After a decrease over the last five years, the number of students who refuse to go to school has started to increase again. According to the education ministry, the number of elementary and junior high school students absent more than 30 days a year for reasons other than sickness and financial difficulties topped 120,000 again in fiscal 2014. Nearly one student in every class, on average, is now failing to attend.
The number of students refusing to go to school hasn’t dipped below 100,000 since 1997, a consistent problem that needs addressing. The education ministry should work harder to ensure all students can feel comfortable at school.
The reasons for refusing to attend are not hard to guess. In interviews, students cite anxiety and other emotional problems, psychological exhaustion, and troubles with friends and teachers as the primary reasons. Bullying has recently been considered a distinct, though of course related, problem, in order to focus on solving that particular problem more proactively.
The truancy rate is not the same everywhere, though. At schools with counselors the rate is much lower. Clearly, the education ministry should work toward ensuring there are more counselors at more schools. Counselors serve many purposes, but chief among them is to treat students as individuals with particular needs and concerns, and to find solutions that work.
Since the ministry has done little to reduce class sizes or teacher workloads in recent years, counselors now have to do some of the work teachers did in the past.
Families, too, play a role. Since both parents are working more than ever before and single-parent families continue to increase, a growing number of students are being left alone at home. A survey by the OECD in 2012 found that in all member countries surveyed, there was a strong link between school attendance and teenagers eating the main meal of the day with parents.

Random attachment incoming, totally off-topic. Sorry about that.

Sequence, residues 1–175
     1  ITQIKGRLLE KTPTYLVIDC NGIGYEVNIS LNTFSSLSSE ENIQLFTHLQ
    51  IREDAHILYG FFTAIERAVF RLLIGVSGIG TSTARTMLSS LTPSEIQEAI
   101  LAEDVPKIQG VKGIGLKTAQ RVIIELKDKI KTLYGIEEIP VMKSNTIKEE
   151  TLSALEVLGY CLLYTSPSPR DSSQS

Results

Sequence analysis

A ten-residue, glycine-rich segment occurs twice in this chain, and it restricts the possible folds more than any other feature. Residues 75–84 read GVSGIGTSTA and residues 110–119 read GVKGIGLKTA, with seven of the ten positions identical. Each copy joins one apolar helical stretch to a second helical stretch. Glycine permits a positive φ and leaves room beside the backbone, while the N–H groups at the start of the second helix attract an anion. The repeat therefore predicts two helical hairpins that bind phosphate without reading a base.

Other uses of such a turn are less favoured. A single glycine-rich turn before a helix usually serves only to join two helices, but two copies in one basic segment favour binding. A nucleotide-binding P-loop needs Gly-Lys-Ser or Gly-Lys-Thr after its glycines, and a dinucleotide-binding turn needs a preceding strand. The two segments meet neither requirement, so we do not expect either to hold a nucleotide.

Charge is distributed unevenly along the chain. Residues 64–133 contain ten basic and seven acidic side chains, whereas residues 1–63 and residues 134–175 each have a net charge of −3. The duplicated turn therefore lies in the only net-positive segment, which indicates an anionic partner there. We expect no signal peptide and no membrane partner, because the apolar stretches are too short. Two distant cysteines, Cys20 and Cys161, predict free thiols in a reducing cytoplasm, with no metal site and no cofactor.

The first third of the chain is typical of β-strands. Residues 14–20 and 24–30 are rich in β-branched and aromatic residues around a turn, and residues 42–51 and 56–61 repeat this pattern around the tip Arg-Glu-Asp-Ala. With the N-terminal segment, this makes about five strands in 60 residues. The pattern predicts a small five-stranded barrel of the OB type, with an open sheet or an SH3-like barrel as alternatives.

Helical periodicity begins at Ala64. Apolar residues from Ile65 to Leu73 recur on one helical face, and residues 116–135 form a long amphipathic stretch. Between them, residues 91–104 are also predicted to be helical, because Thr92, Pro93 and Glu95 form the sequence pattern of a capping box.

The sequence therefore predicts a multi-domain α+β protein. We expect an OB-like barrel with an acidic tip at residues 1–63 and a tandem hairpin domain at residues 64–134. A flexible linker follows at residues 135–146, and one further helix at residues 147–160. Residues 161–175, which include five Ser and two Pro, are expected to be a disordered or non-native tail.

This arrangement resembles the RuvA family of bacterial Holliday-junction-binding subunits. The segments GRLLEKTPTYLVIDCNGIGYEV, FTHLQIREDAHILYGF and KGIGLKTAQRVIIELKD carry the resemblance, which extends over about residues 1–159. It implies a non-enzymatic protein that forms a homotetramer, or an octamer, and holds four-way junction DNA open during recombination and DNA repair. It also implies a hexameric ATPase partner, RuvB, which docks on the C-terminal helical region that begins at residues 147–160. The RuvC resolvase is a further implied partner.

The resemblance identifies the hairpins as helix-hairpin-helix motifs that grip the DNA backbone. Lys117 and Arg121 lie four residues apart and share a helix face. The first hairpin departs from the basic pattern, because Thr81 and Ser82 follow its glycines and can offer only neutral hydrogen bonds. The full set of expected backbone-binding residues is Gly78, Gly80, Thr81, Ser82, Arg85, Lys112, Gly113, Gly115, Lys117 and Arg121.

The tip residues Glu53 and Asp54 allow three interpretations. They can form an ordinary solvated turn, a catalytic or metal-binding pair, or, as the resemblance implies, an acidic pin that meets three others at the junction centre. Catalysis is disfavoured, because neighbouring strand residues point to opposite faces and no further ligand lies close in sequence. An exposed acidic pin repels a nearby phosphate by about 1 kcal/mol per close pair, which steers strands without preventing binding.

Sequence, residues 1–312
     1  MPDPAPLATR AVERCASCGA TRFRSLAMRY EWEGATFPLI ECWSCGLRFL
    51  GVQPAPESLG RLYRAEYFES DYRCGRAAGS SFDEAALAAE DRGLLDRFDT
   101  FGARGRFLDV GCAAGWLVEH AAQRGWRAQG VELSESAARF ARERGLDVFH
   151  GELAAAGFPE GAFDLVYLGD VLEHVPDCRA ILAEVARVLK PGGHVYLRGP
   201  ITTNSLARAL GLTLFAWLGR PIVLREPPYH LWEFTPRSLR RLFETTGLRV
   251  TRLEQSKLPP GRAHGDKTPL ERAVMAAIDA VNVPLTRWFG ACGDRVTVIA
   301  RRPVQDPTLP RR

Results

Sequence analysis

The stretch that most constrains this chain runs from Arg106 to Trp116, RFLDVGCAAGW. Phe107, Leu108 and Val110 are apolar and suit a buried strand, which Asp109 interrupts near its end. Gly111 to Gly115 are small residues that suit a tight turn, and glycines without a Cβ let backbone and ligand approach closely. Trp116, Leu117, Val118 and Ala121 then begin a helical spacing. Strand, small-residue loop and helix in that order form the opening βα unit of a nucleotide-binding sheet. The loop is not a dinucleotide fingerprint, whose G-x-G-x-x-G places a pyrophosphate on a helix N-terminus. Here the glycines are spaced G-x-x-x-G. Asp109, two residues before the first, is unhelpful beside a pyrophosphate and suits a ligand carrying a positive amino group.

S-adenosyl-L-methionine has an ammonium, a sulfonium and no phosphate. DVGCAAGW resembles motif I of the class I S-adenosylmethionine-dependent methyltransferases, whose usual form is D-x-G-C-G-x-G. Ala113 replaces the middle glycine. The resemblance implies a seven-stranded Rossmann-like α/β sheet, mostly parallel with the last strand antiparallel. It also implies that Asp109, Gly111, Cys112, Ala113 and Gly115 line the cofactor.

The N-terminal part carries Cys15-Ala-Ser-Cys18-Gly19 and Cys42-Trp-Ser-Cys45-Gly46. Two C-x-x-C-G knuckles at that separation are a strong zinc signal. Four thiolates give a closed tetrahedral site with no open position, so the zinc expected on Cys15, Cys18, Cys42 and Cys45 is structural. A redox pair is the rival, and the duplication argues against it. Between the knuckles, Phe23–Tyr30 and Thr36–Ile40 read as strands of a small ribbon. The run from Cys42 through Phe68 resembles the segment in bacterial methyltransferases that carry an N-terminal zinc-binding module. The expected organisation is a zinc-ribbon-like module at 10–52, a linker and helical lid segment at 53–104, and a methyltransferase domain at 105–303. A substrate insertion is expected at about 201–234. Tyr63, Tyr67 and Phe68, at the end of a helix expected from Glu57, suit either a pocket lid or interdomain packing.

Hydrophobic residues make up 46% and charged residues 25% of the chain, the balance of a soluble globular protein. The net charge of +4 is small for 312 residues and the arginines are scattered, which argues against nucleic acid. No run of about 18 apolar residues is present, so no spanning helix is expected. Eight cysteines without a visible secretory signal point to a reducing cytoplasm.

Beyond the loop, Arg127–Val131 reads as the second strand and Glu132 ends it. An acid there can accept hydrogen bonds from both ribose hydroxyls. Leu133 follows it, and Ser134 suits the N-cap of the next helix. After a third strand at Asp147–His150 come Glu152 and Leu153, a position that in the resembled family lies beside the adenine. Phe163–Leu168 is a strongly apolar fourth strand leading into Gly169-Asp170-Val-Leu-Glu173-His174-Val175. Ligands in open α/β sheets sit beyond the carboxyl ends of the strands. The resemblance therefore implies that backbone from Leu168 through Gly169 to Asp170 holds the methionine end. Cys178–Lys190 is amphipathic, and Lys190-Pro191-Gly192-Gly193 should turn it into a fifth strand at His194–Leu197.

What is often left out of the debate is that in many cases, students’ resistance may be a reasonable response. Given the inability of young people to articulate their concerns in words or other constructive ways, refusing to go to school can be understood as a protest against the educational system’s continuing overemphasis on testing, teacher-centered management, rote memorization and other out-of-date practices. That is a larger problem, but one that must also be solved by changing classroom practices.
The education ministry also needs to work together with many of the programs for truants set up by nonprofit groups, nongovernmental organizations and parental groups. Those organizations want to create not just one but as many solutions as needed for the individual pressures and problems students face.
The government should seek their insight, help and experience, as well as including teachers, counselors and administrators in deciding what to do.
The number of students not attending school can be seen as a grade for the Japanese education system. It does not score well.
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